Making Friends in 'Twitterville'

Serviceable Tweets and 'Lethal Generosity' Key to Getting Your Brand on Top

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Every day another Twitter book hits the shelves. Most of them have been written quickly in an attempt to meet market demand, and they're mostly carbon copies of each other. Not so with Shel Israel's (@shelisrael) new book, "Twitterville: How Businesses Can Thrive in the New Global Neighborhoods."

A compendium of case studies crowd-sourced from hundreds of Mr. Israel's followers from around the globe, "Twitterville" is less about social-networking theory than real-world mistakes and successes; real influencers and engagements; real marketing threats and opportunities. This is about buying and reading one of the best insights into what is really going on in the Twittersphere -- not just a how-to handbook.

At the dawn of blogging (let's say 10 years ago), citizens were empowered with a means of "talking back" to companies, brands, journalists and politicians. And while it's true that "markets are conversations," as books such as "The Cluetrain Manifesto" and Mr. Israel's own "Naked Conversations" famously assert, those early blogs didn't offer many ways for companies, products, and services to engage on equal footing. Cue Twitter.

If I read "Twitterville" correctly, Twitter is the first platform that can empower companies to get their footing back; the first opportunity since Social Media 1.0 pantsed "corporate" that corporate can finally engage past, present and future customers where they live, powerfully and in real time. My favorite concept in the book, and the concept I share with folks on the phone every day as I evangelize this book, is that of "lethal generosity," what Mr. Israel describes as "a phenomenon used by the smartest of companies. In social media the greatest influence invariably goes to the most generous participants, not the loudest. So if you join a community where a competitor exists, or is free to join, and you give more to that community than the competitor, the other player is forced either to follow you or abstain from participating in a place where customers spend time."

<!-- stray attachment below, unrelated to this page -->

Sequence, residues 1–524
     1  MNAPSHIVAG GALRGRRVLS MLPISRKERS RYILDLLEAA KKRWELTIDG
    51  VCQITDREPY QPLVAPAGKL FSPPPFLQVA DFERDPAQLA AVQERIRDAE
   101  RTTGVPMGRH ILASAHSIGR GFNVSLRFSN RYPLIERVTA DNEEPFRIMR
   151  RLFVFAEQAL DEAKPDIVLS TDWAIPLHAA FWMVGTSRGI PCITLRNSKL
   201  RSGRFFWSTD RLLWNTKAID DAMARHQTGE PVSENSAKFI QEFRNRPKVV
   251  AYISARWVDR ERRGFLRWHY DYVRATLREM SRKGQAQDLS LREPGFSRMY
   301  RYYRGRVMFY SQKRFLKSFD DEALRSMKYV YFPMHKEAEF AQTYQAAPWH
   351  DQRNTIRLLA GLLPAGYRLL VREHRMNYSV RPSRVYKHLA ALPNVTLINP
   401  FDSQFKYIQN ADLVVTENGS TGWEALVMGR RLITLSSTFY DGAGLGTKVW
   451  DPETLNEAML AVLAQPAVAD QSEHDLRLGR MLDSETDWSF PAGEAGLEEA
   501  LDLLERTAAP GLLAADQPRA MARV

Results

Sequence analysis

Mr. Israel recounts the Twitter strategy of Jim Deitzel (@Rubbermaid), e-marketing manager at Rubbermaid, who entered the Twittersphere early on with strong intentions of service, hoping to connect professional home organizers and learn their needs and interests. He quickly made inroads with members of the National Association of Professional Organizers (NAPO; yep, you read right) via tweets and Rubbermaid's company blog. Now, Mr. Israel argues any competitor new to the scene must "'out-generous' Deitzel to displace his prominent position" in the Twitterville of professional organizers.

If you're looking for a book to teach you how to tweet, whom to follow and what to say, check out the comprehensive and opinionated "All a Twitter," by Tee Morris (@TeeMonster), or the pedigreed "Twitter for Dummies," by Laura Fitton (@pistachio), Michael Gruen (@gruen) and Leslie Poston (@GeeChee_girl).

But if you're looking for a book that will catch you up on the many success stories (and the occasional #fail) Twitter has spawned, stop by Mr. Israel's town and spend some time with the locals.

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